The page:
Technology Advances a Traditionally Slow-Moving Industry

Technology Advances a Traditionally Slow-Moving Industry

Many believe the construction industry has been slow to adapt to technology. While traditional building methods have gotten us to where we are today, modern advancements will take us into the future. Technological advances in equipment and software will contribute to the success of any building project by streamlining time-consuming processes, elevating safety, providing consistent information, and reducing costs.

Thermal imaging is one tool that could appear to have minimal significance in the grand scheme of the construction process but is a perfect example of how a simple adaptation can have a big impact. Cameras that can see behind walls are nothing new, they've been around since the 1970s. However, new technology has greatly improved the images and equipment has become more available. For example, smartphone apps now allow for improved information sharing.

Streamlining a Time-Consuming Process

Proper planning of a construction project is a necessary first step that takes a considerable amount of time. This stage can take even longer for a renovation of an existing building than a project beginning from the ground up because of the need to assess the existing structure. Thermal imaging is still one of the best methods for detecting energy loss, moisture intrusion, delamination of building materials, electrical failures, and inspecting heating and cooling systems and pipes. Being able to see these structures within the walls, ceiling, and floor without disruptive demolition can help in reducing the assessment time. Informed decisions can be made about the direction of the project with a faster turnaround while allowing the existing tenants to conduct business as usual.

Ensuring Consistent Information

Any construction project has multiple stakeholders; project managers, technicians, contractors, clients, and others who need to weigh in on decisions from concept through execution. New advancements being used with thermal imaging equipment, such as instant uploads and cloud storage, allow for faster and more congruent communication among those who cannot be on-site. Information being synced across many devices ensures the most updated information is being used, from mobile tech in the field to multiple office PCs. All parties involved in the project can have access to needed files, avoiding errors and cutting down on the time it takes to prepare and distribute reports. Ensuring everyone is on the same page improves the entire process.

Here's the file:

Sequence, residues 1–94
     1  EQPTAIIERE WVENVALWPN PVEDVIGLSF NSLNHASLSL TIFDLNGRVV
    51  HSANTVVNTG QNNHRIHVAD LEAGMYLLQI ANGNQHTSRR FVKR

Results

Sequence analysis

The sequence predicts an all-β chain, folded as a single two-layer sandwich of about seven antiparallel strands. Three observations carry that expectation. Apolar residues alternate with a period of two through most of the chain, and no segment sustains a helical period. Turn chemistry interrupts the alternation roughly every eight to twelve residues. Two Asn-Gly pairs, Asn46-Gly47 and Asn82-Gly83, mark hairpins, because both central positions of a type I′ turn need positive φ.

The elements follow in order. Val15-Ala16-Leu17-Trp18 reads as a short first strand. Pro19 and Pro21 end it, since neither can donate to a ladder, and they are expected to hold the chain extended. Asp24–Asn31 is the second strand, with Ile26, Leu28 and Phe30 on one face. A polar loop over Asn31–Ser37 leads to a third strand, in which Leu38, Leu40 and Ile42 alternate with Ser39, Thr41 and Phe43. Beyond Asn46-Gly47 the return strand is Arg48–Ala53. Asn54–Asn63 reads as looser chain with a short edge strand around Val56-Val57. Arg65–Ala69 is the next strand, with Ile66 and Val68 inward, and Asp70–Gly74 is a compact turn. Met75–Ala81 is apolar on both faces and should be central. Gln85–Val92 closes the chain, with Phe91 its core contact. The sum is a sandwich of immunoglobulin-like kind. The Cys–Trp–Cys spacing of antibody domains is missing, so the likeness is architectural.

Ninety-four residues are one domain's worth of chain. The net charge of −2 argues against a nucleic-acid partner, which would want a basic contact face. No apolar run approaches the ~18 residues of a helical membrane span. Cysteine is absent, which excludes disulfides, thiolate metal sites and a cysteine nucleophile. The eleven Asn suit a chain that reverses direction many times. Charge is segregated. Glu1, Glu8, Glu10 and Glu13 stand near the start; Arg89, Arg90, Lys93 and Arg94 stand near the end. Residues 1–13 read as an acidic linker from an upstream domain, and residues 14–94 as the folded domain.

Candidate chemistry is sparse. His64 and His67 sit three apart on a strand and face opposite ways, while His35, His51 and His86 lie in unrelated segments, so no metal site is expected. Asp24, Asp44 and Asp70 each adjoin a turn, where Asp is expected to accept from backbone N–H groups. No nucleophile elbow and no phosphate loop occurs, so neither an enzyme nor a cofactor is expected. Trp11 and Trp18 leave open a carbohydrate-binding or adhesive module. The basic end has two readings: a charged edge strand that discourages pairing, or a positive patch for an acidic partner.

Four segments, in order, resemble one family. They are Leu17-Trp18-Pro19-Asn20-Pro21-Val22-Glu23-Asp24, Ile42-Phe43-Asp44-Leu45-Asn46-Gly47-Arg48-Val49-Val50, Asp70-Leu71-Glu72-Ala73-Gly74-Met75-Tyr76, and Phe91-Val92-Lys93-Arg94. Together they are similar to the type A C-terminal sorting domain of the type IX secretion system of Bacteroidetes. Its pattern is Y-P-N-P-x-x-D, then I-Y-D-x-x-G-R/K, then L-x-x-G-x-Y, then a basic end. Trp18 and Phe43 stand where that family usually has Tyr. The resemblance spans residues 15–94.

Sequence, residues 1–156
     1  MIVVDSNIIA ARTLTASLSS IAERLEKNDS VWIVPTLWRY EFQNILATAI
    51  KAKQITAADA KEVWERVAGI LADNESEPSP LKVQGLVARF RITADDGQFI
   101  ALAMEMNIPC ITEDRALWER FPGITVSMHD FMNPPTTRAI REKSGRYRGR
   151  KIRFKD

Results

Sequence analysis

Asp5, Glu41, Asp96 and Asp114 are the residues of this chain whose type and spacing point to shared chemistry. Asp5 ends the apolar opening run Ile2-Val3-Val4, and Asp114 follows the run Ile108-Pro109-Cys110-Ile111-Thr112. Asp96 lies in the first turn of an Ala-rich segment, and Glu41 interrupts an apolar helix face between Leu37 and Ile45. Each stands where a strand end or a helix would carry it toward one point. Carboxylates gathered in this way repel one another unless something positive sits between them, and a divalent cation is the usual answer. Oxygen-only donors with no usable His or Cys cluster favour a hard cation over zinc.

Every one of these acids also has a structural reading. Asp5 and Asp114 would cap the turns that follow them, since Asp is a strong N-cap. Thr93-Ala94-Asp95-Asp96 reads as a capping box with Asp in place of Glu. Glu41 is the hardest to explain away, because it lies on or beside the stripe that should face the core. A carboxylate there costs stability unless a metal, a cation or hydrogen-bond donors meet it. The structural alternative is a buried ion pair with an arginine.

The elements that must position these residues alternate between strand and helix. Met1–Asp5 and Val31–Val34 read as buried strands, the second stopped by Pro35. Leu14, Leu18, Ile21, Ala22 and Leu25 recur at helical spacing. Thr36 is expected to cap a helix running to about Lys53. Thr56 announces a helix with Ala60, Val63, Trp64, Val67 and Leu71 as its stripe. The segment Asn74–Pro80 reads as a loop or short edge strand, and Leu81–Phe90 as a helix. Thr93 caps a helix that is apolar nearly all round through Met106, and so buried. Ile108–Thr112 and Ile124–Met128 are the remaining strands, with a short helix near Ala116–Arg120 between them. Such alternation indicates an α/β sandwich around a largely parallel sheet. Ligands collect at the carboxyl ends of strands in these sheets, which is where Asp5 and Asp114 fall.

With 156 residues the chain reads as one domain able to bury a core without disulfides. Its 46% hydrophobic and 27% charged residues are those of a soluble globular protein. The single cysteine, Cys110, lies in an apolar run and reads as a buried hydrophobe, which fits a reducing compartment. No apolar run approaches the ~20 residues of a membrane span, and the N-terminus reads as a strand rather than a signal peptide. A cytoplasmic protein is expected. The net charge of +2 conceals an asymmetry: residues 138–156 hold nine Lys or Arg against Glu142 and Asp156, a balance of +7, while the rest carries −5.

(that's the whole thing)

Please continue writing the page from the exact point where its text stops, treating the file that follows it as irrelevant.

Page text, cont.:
Enhancing Safety for Technicians

The safety of workers on the job site is always a top priority. Thermal imaging equipment partnered with robotic or drone technology can enhance safety measures for technicians by providing greater access to areas that are high up, difficult to reach, or dangerous to navigate. A robot fitted with a thermal camera can maneuver into smaller spaces than a human. Similarly, flying a drone with this equipment over a rooftop can be a faster and safer option than an in-person inspection. Technology-assisted inspections can occur regardless of unfavorable weather or challenging site conditions and reduce or eliminate the risk of personal injury.

The Cost Factor

There is a well-known saying, "time is money." Being prudent about time often results in cost savings for a construction project. Implementing technology and apps that easily integrate into the systems already in place reduces time wasted on inefficient processes, inconsistent or unclear communication, and lost time for injury recovery, to name a few. All of this, in turn, impacts the bottom line of any project.

If a tool that might be considered minimally significant, such as a technologically updated thermal imaging system, can positively impact so many facets of a construction project, the industry could reach even greater success by adapting more quickly to advances in technology and software.